Currently experimental RFCs (“eRFCs”) are a second kind of RFC. That is, the “will this be implemented experimentally” bit must be set right at the outset, when the RFC is submitted. I think we should also consider adding “implement experimentally” as a 4th kind of RFC outcome (and corresponding FCP disposition), alongside the current options of accept, close, and postpone.
(As a reminder, implementing a feature experimentally (which currently applies only to eRFCs) means that a second full RFC has to go through the RFC process and be accepted before the feature can be stabilized. Incidentally, I’m not sure whether this hypothetical second RFC would be just for removing the “experimental” marker from the feature, allowing it to go through the normal stabilization process, or if it would be for the actual (immediate) stabilization-of-the-feature itself?)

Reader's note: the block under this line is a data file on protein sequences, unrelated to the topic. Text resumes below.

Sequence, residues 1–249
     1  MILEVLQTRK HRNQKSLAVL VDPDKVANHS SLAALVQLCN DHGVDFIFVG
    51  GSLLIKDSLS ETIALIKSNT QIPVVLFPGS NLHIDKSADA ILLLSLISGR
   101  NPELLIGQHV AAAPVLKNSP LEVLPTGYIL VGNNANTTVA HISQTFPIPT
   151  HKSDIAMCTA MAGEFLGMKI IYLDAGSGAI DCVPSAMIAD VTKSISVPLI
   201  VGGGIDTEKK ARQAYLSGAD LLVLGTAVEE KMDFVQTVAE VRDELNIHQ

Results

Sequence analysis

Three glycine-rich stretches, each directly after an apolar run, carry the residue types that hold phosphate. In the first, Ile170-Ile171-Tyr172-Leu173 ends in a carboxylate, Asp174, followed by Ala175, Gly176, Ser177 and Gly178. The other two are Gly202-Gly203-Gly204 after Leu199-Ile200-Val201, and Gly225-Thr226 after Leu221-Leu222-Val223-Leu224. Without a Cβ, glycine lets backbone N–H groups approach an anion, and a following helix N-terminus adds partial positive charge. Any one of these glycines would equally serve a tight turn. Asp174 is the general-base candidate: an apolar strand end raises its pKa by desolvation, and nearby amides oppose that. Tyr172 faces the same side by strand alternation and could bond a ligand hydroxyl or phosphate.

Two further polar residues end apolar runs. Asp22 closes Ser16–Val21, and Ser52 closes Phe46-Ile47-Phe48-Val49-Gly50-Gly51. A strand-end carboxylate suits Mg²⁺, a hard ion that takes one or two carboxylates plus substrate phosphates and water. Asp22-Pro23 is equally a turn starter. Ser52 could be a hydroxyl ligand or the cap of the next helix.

When the potential benefits (and therefore importance) of an RFC is high, but there is still significant uncertainty about it, it could be an alternative to acceptance. When the cost of implementing a feature is low, it could be an alternative to postponement.
I wanted to write something more here about motivation w.r.t. how RFCs sometimes get bogged down in theoretical discussions about trying to predict their effects and that kind of thing which is really hard to know for sure without trying it, and that the current design process is “too waterfall” as someone put it, and that this could help, but I seem to be having trouble stringing coherent sentences together, so I wrote this less-coherent sentence instead.